16 years. That's a long time.

Beverage:  Raspberry Seltzer


Framed-Part 1

In spite of the fact that I have more things up on my new office walls than anyone else, I still have quite a few things sitting around. I'm working on painting a poster frame red for the Fantasia poster. That will be done next week. I can only do a bit at a time because I have to spray the red on just a part of the frame owing the the acetone in the can. I do one side and call it quits. Then, I can smell patches of acetone wafting up from the basement. I was sick the one weekend this year when I could have done some spraying outside.

I also have to purchase more of those 3M nailless picture hangers. I really like those. I have had a couple prints up in the house for over 5 years now and they have not fallen. I bought hangers for the posters but I need more for the actual photos I intend to hang.

And then there was the need to get frames for some photos.

Part of the adventure of having a character breakfast at Disneyland or Walt Disney World is having your photo taken with whomever the character is your breakfast is tied to. For Ashley, Liz and I, our breakfasts were with Goofy and Ariel, the Little Mermaid.

Once you check in, you're shepherded to a holding area (Disney does holding areas very, very well.) where you wait for people in front of you to have their photo taken. Cast members ask, as you walk up, if there are phones or other cameras you want to use for photos. Then, as you eat, someone comes around with the photos and you can buy a package. Each one was $35 and we got enough photos for us to have our own PLUS a code we could use to purchase other sizes.

In late December, I took advantage of after Christmas sales and coupons and got a bunch of frames for a variety of photos. These two are for the Disney photos. There is an issue with the aqua frame. the cardboard holding the glass into the frame is stuck. I need to bring a utility knife home from work or bring the frame to the office (which is probably the better thing since these are going in the office, but, you know, remembering) and score the back to get it out. I can tape the back into the frame since I'm not going to want to remove the photo once it's in the frame. The frame is the perfect color.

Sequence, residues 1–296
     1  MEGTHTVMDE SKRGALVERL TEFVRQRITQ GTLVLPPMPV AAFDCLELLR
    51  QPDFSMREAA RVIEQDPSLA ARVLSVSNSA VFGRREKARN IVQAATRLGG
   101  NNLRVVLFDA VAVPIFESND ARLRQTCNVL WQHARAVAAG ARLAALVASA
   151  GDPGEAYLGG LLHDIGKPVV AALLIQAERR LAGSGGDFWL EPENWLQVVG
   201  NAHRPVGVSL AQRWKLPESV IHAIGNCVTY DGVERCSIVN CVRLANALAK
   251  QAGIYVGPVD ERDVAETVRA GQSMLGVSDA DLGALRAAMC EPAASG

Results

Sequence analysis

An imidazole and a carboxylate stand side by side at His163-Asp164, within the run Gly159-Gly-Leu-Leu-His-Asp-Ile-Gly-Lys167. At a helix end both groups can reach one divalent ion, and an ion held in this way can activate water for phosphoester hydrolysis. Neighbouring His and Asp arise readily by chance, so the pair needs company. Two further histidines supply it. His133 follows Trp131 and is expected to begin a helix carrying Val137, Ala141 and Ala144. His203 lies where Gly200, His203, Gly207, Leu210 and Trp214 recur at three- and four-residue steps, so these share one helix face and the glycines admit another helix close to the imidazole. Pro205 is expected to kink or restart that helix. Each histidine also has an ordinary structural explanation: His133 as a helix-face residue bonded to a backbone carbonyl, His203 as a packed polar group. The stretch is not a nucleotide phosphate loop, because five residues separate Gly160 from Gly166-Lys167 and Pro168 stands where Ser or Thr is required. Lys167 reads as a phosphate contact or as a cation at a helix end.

These sit on the printer next to my home computer. I look at them and remember the fun. The Goofy breakfast was absolutely amazing. It was huge and there was so much great food available. The Ariel breakfast, while limited in food, had an amazing view and all these princesses came through to say hello. Ashley was thrilled and that made Liz and I happy. Yeah, they get you with the photos, but for an event like this, I'm willing to shell out a few bucks for a lovely memento.

Beverage:  Raspberry Seltzer


So You Don't Have to

While out and about in December, I stumbled across these.

For sure, you know they would jump off the hanger and into my cart. I'm very skeptical of things which say they are Dr Pepper flavored. Witness Lip Smackers Dr Pepper flavored lip balm. It smells okay, but the actual flavor is not real close. You do have to use your imagination a bit to find the flavor. Still, it's important that I conduct a taste test so you don't have to.

I opened the package and was immediately struck by the aroma of warm, stale Dr Pepper. Well, I guess that's something to be said for them. There was a Dr Pepper scent.

Typical licorice strands. They were dark, almost black. In a grouping with black licorice, it would be difficult to tell them apart, although the Dr Pepper ones had a more glossy sheen and were not the coal black you're used to in black licorice.

Taste? My initial impression was not wrong. They tasted like warm, stale Dr Pepper-tinged paper. I love cherry licorice. If you buy Twizzlers cherry or even Red Vines licorice, the cherry is an intrinsic part of the candy. In a way, it felt as if the Dr Pepper licorice had been produced without flavor and then someone got the bright idea to soak them in the soda or spray the soda onto strips of unflavored candy. The Dr Pepper was gone after a couple bites.

Now, it can be argued, rightly, that "licorice" is an anise-flavored confection and anything other than what we identify as "black" is not "licorice" in the truest sense of the word. I think we have embraced the word to define things in this above shape or in the bite size, which is really just the above shape cut into pieces. As such, this really isn't "licorice" so much as a candy trying to tie in with Dr Pepper or Dr Pepper trying to tie in with a candy. As a novelty, it was okay. If I found this bag on sale for a buck, I might be tempted, but at the regular price of $2.69, it's too pricey for what I got.

If you like Dr Pepper, as I do, it's worth it to try it. Beyond that, save your change and buy a case of the real thing, sit it out on your deck in the winter and enjoy it ice cold. Partially frozen is even better.

Beverage:  Raspberry Seltzer (I'm out of Dr Pepper.)